The master’s degree (M.S.) in human development at the University of Maine is designed to provide advanced training, with special emphasis on child development and family relations. The curriculum is designed to:
- Train students in the fundamentals of professional practice in agencies serving children, adolescents, adults and families
- Provide students with advanced content in one or more research areas (e.g., early childhood, human sexuality, family relationships)
- Provide students with internship opportunities in human service programs or in applied research mentored by a faculty member
Careers in human development
The program is designed for those interested in leadership positions in the human development field, such as center director, program coordinator, director of services, case manager or project manager.
The M.S. degree in human development requires a minimum of 30 credit hours:
- Six core courses (18 credits): Fundamentals of Human Development; Professional Practices; Program Planning and Evaluation; Legislation and Policy; Grant Development; and Research Methods
- Two electives (6 credits)
- Internship in human development (6 credits)
The internship entails high-quality, professional placement with an agency or work on a research project with a faculty member in human development.
- Option A: HUD 601 Leadership in an Agency. This option is for students with an interest in a variety of career settings, including federal, state or local governments, and public or private agencies that directly service the needs of children, adolescents, adults or families. In addition to the formal course requirements, students complete a 300-hour internship in a public or private agency in their last semester. If currently employed in the human development field, the employer would need to add new leadership responsibilities to the position.
- Option B: HUD 699 Thesis/Applied Research. This option is for students with an interest in pursuing a doctoral degree (typically in human development and family studies) or those otherwise interested in a career in research. In addition to the formal course requirements, students complete a project based on original research supervised by a faculty member. By the end of the project, students will complete a research article suitable for submission to an academic journal. Students in this option are encouraged to take one class in statistics or qualitative research design.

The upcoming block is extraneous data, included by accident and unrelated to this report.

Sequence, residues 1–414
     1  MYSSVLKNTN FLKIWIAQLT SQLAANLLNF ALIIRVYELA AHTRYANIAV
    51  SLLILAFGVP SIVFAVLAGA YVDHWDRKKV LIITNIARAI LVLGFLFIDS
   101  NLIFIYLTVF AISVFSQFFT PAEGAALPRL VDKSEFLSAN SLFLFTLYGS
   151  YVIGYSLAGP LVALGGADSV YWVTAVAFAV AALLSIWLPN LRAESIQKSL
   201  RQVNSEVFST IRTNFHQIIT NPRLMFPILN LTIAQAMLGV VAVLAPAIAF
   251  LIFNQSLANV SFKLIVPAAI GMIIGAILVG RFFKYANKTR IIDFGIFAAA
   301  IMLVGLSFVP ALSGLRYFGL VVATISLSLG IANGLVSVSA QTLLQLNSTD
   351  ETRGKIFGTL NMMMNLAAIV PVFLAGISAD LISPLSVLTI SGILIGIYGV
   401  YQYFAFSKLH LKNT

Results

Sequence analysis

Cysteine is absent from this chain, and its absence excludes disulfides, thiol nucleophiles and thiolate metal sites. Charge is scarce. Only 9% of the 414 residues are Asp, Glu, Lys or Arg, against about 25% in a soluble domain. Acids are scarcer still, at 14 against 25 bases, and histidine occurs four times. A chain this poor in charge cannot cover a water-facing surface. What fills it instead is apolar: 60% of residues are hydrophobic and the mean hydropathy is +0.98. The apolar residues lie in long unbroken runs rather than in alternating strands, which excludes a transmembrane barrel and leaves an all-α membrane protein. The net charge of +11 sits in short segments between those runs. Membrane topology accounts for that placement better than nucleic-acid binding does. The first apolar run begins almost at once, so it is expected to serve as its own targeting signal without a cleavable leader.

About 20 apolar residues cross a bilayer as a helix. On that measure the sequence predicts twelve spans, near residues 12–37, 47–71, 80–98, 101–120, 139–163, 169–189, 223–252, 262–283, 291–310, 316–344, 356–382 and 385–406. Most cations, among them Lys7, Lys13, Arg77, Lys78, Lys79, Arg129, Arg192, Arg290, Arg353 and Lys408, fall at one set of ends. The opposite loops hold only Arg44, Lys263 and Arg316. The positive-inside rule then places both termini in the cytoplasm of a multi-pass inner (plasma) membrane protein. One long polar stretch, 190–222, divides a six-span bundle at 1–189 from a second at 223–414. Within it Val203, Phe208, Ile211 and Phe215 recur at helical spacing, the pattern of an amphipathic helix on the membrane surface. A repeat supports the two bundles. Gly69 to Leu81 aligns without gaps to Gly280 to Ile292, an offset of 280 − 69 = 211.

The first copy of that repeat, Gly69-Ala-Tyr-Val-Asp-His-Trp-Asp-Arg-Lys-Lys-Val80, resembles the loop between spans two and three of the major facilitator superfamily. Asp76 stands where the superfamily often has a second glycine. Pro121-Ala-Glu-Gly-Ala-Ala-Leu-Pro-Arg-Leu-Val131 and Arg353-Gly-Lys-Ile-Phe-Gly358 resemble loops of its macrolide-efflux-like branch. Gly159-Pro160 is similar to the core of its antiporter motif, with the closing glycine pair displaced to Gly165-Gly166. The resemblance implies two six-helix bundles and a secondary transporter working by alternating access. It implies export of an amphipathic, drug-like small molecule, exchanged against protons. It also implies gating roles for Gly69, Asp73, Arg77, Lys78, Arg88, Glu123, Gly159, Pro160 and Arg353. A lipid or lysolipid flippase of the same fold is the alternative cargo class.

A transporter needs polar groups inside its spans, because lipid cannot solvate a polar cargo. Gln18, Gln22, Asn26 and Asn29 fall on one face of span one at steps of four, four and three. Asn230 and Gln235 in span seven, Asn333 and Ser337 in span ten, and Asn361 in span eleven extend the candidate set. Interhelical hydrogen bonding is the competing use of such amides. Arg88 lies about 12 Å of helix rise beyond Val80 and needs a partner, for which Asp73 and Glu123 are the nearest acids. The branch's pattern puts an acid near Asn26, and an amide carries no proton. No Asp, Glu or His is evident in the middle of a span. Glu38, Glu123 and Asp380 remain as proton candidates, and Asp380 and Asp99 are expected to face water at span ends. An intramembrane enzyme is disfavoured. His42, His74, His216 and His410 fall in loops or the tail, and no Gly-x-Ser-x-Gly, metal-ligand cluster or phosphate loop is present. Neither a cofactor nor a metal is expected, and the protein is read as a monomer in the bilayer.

All Human Development graduate students must complete a professional portfolio that demonstrates their competencies and achievements in the program. Each of the six core courses in the graduate program contains a portfolio project that contributes to your final portfolio. The portfolio is turned in during finals week of your last semester in the program.
In addition to the professional portfolio, graduate students must make a presentation at either the University of Maine Graduate Student Research Symposium held spring semester, or at a regional or national conference at some point during their graduate program.
Join the UMaine Human Development graduate students and alumni Facebook group.
Applications are processed through the University of Maine Graduate School on a rolling basis and no strict deadlines apply. However, applicants wishing to be considered for nomination for assistantships and fellowships should have a completed application on file by Jan. 15. A limited number of graduate assistantships are available on a competitive basis each year.
Applicants are evaluated on a number of criteria, including undergraduate GPA, letters of recommendation and matching program interests.
Human Development faculty
Sandra L. Caron, Ph.D., Professor of Family Relations & Human Sexuality, Program Coordinator
Patrick Cheek, Visiting Assistant Professor in Human Development and Family Studies
Julie DellaMattera, Ed.D., Associate Professor of Child Development and Family Relations
Renate Klein, Associate Professor of Human Development and Family Studies
Mary Ellin Logue, Ed.D., Associate Professor of Early Childhood Education
Sid Mitchell, Ph.D., Associate Professor